My household's fleet of vehicles consists of two 1998 automobiles both with 130,000 plus mileage. As I have mentioned before, cars are functional and do not represent a lifestyle for me. I have never been mechanically inclined and the only thing I know how to do is to check my oil level.
Even with that preface, there are many options for me to consider. I grew up in southern Indiana where people drove Chevrolets and Fords. Even a Chrysler was exotic change that would attract that wide-eyed stare from the locals. We didn't buy furrin'
cars where I came from. I remember my stepsister had an Audi Fox (against my parent's advice) and we had to take it halfway to St. Louis just to be able to find a mechanic to work on it. Japanese cars? Forget about it. Those were "riceburners". You were either too poor to buy a Monte Carlo and/or just not a good American to buy those cars. Remember, we fought a war against them.
I realized how silly these prejudices were then and I certainly do so now. On the other hand, I have never owned a car that was not named Ford or Buick. I do not have any idea as to what my next purchase will be, but I am mindful of the union apprentices who make up the majority of my college course that I teach. They notice what car I drive and I am sure that I'll never be able to show up to class in a shiny, new Honda Accord. I am loyal to unions, but my anarcho-syndicalist worldview doesn't have much in common with the business unionism that is the UAW. I have little sympathy for the workers who looked the other way while management made tens and hundreds of millions of dollars. Why did they look away? The workers were making ridiculously high wages, too. The only losers were American consumers.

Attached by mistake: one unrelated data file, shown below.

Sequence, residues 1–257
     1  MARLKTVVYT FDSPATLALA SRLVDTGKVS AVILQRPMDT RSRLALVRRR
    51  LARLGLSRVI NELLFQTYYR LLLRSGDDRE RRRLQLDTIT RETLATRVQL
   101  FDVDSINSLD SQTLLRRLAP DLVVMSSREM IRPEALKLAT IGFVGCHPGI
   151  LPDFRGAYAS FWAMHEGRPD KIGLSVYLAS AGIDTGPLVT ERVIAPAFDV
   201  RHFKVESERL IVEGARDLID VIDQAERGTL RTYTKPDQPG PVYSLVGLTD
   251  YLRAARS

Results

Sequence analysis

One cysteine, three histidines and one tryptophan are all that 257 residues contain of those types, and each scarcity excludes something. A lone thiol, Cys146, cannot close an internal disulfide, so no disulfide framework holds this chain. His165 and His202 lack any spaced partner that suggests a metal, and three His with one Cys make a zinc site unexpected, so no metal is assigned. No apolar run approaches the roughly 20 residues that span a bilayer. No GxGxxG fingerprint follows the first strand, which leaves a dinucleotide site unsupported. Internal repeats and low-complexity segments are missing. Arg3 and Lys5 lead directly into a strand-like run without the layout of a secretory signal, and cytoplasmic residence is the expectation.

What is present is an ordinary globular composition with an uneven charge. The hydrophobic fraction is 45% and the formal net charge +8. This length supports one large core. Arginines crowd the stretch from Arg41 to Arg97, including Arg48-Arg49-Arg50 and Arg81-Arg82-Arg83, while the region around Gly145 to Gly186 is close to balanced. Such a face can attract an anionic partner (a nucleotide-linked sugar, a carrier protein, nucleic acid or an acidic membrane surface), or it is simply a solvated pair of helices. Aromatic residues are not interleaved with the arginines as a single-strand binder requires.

I won't buy GM or Ford or German-American Chrysler solely out of patriotic duty either. That's silly. These lines are blurred anyway through globalization, partnerships and transational corporations. If I were base my purchase on those terms, I have more reason to buy a Toyota than any traditionally American automotive company. Toyota has a major manufacturing plant near where I grew up that provides relatively highly paid jobs for thousands of people in my former community. The community desperately needs any type of boost and Toyota has made a tremendous difference in the standard of living for many southern Indiana workers. On the other hand, I am mindful that the same corporation that I praise here did choose to come to my community because they knew that the economic state would allow them to pay lower wages than almost anywhere else in the country.
So this is a lot of navel-gazing over a automobile purchase, but these concepts are foremost in my mind when I step into a dealership. These things I understand far better than meaningless (to me) designations such as 2.0 liter, hp, GT, SS, etc.